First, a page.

Yala National Park – Preserving Sri Lanka’s Bounty Of Wildlife

Lovers of tropical flora and fauna on the lookout for that perfect photo opportunity of rare wildlife will delight in the island of Sri Lanka. This paradise isle nestled in the bosom of the Indian Ocean is home to rainforests and wildlife preservation that secret a kind of bio-diversity rivalled by few other countries in Asia. Among its wealth of indigenous fauna, one species that Sri Lanka takes most pride in is its Asian leopard, the largest of its kind in the world which has been identified as being solely endemic to the island.

The Yala National Park of Sri Lanka is considered the best place to get up close and personal with these rare felines. One of the largest wildlife reserves in the nation (spanning a ground area of over a 100,000 hectares over the island’s dry zone in the southeast), this park is home to untold numbers of leopards, most of whom have become habitualized enough to humans and safari jeeps that photographers of any skill level stand a chance of capturing these speedsters in unguarded majesty.

The park falls across two of the island’s provinces and is divided into five blocks, only two of which are open to visitors for various safety reasons. It is because of this inaccessibility that the present number of Asian leopards is largely uncounted; a documentary by Gordon Buchanan recorded thirty of the sub-species in the forests, marking Yala as the world’s largest leopard population to inhabit one area. Despite Yala East being largely off-limits, Yala West makes up for it by its ever-changing landscape montage that stretches from dense jungles to brackish lagoons abounded by the South-eastern sea. We have many More Sri Lanka Vacation¬†Information, Travel Review and Attractions Articles Now Available.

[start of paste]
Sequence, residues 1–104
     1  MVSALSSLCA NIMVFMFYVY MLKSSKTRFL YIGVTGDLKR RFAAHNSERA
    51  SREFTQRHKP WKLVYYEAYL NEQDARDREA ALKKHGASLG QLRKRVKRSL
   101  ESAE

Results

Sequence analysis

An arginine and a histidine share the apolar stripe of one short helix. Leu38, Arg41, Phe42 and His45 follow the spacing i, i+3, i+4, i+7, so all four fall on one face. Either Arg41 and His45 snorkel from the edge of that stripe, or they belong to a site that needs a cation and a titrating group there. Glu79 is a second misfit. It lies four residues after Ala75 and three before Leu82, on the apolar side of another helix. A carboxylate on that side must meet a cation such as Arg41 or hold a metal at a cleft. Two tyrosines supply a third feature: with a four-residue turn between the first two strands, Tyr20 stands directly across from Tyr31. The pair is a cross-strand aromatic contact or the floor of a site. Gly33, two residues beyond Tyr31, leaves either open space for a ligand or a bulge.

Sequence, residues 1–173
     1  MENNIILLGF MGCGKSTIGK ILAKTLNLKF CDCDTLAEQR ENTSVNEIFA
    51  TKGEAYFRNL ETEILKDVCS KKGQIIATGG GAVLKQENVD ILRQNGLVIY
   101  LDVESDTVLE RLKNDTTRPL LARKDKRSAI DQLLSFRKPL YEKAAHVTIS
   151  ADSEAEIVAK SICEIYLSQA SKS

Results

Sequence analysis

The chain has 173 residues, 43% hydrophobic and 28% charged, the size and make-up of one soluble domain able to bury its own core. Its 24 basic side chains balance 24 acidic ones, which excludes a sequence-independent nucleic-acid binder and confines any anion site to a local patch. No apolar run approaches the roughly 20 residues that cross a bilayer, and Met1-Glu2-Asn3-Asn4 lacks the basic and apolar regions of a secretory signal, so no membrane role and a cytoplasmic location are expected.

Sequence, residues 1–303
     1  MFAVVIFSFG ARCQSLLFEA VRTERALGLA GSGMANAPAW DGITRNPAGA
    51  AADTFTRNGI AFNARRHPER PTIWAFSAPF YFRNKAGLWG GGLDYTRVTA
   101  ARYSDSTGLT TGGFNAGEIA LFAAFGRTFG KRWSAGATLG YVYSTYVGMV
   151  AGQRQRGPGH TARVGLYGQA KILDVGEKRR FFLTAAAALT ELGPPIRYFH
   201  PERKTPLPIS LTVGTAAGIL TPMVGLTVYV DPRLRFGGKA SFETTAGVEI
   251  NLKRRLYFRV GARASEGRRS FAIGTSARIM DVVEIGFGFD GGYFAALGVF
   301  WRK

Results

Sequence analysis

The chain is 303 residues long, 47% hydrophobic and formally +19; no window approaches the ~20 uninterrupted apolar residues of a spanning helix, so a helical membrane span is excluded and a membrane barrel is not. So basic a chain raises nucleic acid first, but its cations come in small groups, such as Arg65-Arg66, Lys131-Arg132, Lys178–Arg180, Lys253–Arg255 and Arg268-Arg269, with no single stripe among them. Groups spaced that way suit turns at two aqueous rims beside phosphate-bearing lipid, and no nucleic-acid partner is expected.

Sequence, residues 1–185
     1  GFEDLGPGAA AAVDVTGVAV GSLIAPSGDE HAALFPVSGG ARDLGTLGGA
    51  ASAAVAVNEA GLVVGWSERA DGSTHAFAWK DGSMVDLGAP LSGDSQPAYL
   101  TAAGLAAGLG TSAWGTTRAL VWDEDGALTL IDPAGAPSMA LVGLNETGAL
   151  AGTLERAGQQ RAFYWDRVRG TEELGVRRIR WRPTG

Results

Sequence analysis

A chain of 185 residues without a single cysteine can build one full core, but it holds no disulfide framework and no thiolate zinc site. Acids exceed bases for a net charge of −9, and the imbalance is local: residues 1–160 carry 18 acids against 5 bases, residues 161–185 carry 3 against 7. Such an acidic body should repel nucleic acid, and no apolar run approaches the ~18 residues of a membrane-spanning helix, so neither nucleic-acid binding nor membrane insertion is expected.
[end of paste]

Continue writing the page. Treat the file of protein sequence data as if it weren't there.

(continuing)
The leopards are not, however, the only fauna worth seeing in the park. Elephants come a close second, as do deer, wild boars and sloth bears. Smaller mammalian species include the black-naped hare, a variety of mongooses, porcupines and grey langurs. Avian life is also abundant, recording over 140 species sighted within the grounds, from great birds of prey such as eagles and hawks to a variety of storks and jungle fowls as well as gorgeously-plumed birds such as Paradise Flycatchers, pink flamingos and strutting peacocks.

Jeep safaris are offered for a full day’s travel as well as morning and afternoon drives. Those on the lookout for leopards stand the best chance to catch them on camera at dawn and dusk. The jeeps provide cover from the elements as well as camouflage, so tourists can travel in relative comfort and safety. It is best to visit the park before the advent of the dry season that peaks around September to October, which frequently sees droughts that necessitates the park to be temporarily closed. We have many More Sri Lanka Vacation¬†Information, Travel Review and Attractions Articles Now Available.